Over 250 Protestant Leaders Sign 'Reforming Catholic Confession' on Essentials of Christian Faith


#1

Not sure if this is the correct forum for this…

Over 250 prominent scholars, pastors, and church leaders from around the world released on Tuesday a theological statement affirming the essentials of the Reformation. And its Protestant authors contend that in this 500th anniversary year, the document is a “catholic” statement in its best sense.


#2

THE REFORMING CATHOLIC CONFESSION
WHAT WE, PROTESTANTS OF DIVERSE CHURCHES AND THEOLOGICAL TRADITIONS, SAY TOGETHER


#3

Let me know when they sign the document re-joining the Church.


#4

Why, did they sign a document that said they were leaving the church?

I know very little about the reformation TBH.


#5

There are over 5,000 bishops in direct Apostolic Succession with the original Apostles around the world. There are over 400,000 ordained priests, plus scholars and other Church leaders from around the world, in just the ONE, Roman Catholic Church. This doesn’t count the Orthodox Churches, which are also Apostolic.

Let me know when they get about 250 million “prominent” signers… :wink:
Or even 25 million…
Or even 5 million…
or even 1/2 million…

Then their document may have more than passing momentary interest.


#6

The document puts a huge emphasis on Scripture. Everything else is evaluated in terms of consistency with that template.
But nowhere is there any explanation for:

  • How do we know the Bible is inspired?

  • In the early Church, there were different options - that only the Hebrew Scriptures is inspired; or - that for Christians only this innovation, gospels/epistles etc - is inspired; or, the third option, that there should be an OT, still inspired for Christians, and also a New Testament, also inspired. Obviously the third option was chosen, but by whom? How do we know they chose the right option?

  • Who chose the books for the New Testament? By what authority? If they had authority to choose the canon, why would we think they had no other continuing authority in the Church? Especially when they chose successors.


#7

Did anyone actually read this? I read it along with the explanation (there is a link for it at the bottom of the page). For me, it came across as a good example of why sola scriptura was probably never Christ’s intention.


#8

Hear, hear! (thumping on table in acquiescence)


#9

I will wonder what happens to those that dont sign. Will they be considered “Christians” by those that do? If so does it really matter who signs?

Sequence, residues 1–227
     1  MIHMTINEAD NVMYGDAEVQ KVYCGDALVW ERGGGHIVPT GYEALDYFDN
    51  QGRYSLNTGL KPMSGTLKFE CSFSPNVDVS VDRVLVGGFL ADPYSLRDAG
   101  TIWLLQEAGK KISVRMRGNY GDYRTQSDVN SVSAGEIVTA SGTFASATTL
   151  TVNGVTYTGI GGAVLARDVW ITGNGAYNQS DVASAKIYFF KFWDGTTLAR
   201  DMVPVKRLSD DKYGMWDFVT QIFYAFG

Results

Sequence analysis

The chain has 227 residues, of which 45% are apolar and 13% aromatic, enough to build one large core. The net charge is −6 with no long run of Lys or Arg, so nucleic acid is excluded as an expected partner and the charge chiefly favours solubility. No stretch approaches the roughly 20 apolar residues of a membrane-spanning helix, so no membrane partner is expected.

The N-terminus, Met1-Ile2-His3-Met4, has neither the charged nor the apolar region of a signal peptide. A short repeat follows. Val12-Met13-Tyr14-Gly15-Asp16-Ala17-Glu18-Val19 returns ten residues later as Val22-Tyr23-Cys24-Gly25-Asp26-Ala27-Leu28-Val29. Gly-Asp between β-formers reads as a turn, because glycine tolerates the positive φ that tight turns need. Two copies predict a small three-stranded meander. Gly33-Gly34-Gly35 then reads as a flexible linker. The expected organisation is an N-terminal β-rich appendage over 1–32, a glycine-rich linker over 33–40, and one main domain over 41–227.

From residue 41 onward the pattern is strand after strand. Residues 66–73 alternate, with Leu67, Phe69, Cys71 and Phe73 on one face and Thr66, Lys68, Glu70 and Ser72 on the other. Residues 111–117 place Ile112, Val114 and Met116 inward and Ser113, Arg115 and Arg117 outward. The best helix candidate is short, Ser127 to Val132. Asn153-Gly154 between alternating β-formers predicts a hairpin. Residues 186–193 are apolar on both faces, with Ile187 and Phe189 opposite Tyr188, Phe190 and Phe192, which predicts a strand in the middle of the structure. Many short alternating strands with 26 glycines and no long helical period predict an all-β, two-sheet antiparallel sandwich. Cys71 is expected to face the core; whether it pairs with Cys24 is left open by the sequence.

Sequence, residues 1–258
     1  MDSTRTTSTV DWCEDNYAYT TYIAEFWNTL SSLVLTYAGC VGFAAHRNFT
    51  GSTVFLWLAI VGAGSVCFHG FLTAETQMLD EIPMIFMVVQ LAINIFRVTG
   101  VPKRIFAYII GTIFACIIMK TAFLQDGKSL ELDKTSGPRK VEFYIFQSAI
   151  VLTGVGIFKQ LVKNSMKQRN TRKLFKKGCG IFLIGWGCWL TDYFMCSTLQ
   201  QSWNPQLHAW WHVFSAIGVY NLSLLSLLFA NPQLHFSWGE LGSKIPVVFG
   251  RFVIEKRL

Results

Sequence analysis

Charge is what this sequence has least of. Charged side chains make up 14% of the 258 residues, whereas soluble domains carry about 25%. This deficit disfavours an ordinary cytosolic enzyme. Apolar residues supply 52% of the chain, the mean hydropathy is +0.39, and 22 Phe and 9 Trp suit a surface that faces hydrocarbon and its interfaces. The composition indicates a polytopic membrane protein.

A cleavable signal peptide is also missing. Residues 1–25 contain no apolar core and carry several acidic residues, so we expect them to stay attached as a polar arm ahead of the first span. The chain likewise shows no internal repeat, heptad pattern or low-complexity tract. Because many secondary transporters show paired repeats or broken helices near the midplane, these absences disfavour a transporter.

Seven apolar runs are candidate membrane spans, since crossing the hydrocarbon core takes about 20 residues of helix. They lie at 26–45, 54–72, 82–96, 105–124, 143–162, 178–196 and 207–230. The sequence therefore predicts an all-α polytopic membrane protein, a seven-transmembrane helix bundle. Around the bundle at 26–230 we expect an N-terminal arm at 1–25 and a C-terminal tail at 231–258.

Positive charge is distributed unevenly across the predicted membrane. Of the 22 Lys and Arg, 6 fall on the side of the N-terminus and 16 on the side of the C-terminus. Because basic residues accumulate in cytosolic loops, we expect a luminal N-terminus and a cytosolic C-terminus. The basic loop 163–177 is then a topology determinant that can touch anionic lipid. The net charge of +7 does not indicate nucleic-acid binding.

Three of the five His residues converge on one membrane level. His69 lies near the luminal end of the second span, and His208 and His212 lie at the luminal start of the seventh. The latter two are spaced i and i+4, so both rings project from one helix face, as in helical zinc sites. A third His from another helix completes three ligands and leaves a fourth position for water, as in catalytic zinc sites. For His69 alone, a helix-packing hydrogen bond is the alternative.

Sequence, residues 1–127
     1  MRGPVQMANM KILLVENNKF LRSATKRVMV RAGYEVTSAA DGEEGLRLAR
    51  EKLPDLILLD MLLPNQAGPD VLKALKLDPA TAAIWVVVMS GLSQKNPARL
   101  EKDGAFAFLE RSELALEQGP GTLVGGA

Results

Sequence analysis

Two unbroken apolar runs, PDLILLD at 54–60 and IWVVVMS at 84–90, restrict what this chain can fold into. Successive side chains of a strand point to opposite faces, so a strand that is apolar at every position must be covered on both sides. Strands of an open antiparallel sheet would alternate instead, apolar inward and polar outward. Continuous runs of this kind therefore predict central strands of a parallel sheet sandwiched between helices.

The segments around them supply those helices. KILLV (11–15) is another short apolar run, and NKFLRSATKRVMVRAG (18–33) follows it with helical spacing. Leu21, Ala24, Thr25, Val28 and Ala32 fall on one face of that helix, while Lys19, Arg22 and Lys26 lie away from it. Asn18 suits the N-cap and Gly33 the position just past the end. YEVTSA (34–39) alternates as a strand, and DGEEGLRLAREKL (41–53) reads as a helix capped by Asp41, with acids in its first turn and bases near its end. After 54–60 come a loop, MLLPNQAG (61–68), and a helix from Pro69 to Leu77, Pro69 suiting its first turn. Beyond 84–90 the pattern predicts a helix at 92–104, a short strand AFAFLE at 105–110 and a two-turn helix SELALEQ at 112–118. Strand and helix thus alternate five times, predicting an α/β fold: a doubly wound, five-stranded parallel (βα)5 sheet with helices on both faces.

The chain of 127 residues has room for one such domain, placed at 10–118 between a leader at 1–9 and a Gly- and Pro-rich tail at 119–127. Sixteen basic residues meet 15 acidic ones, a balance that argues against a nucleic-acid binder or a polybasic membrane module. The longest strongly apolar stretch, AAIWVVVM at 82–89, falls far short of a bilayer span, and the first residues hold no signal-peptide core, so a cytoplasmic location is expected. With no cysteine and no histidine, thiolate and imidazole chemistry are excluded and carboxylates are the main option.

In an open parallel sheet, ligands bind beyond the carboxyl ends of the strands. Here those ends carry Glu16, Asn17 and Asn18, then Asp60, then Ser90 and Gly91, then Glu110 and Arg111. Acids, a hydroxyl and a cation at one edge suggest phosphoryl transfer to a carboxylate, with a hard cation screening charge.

Peace!!!


#10

As a Lifelong Catholic I am TRULY impressed that protestants could form such a collision, given the large number of differing faiths [I’m NOT being sarcastic here].

However, regardless of that unity showing; it does not, and cannot alter one WORD of Divine Truth[s’].

I am the Way, the TRUTH and the Life are all singular tense; as is Matthew 16:18-19: “And I tell you, you are Peter, and on this rock I will build MY CHURCH [2,000 years old & singular]** , and the powers of death shall not prevail against it I will [HAVE] give[en] YOU the keys of the kingdom of heaven, and whatever YOU bind on earth shall be bound in heaven, and whatever YOU loose on earth shall be loosed in heaven.”

This is clear, precise direct and exclusive.

Perhaps someone on this New Forum [not being sarcastic here] can show US where the bible grants a desire, or authorization for other competing Faiths, besides the One Taught by Jesus and His Roman Catholic Church. I have made this request many times with no response. I really would like to know in light of the above, just where that “authority” comes from

God Bless you,
Patrick


#11

I will later. At first blush, it looks good. A lot of posters are saying the glass if half empty. Cheer up, guys. It’s half full. Praise God!

For a moment, I was confused by their calling it a confession. Now I gather that it is not Confession as in the sacrament of Reconciliation, but more like confession as in a statement or creed.


#12

I posted this a few weeks ago on this.
This could be useful for dialogue between Catholics and Protestants. The drafting committee has members from the Southern Baptist, Presbyterian Church of America, GAFCON Anglican and Lutheran Church-Missouri Synod denominations.
Something of interest to Catholics:

10.Critical voices describe sola scriptura as the “sin” of the Reformation, and the priesthood of all believers as Christianity’s dangerous idea. That individual interpreters can read the supreme authority of faith and life for themselves unleashed interpretive anarchy on the world, it is claimed. The historical record is irrefutable: Protestants disagreed amongst themselves and begat not one but many church families and traditions. We acknowledge that Protestants have not always handled doctrinal and interpretive differences in a spirit of charity and humility, but in making common confession, as we here do, we challenge the idea that every difference or denominational distinction necessarily leads to division.

18.We primarily see ourselves not as Protestants defining themselves against others but rather as mere Protestant Christians who affirm the common spiritual tradition to which creedal Christianity bears eloquent witness. Some of us have been further “denominated” into particular Protestant family traditions and others not. Yet we all value the Reformation solas, not simply because they distinguish us from Roman Catholic or Eastern Orthodox Christians, but rather because they are salient reminders to the whole church that God alone saves in Christ alone through faith alone.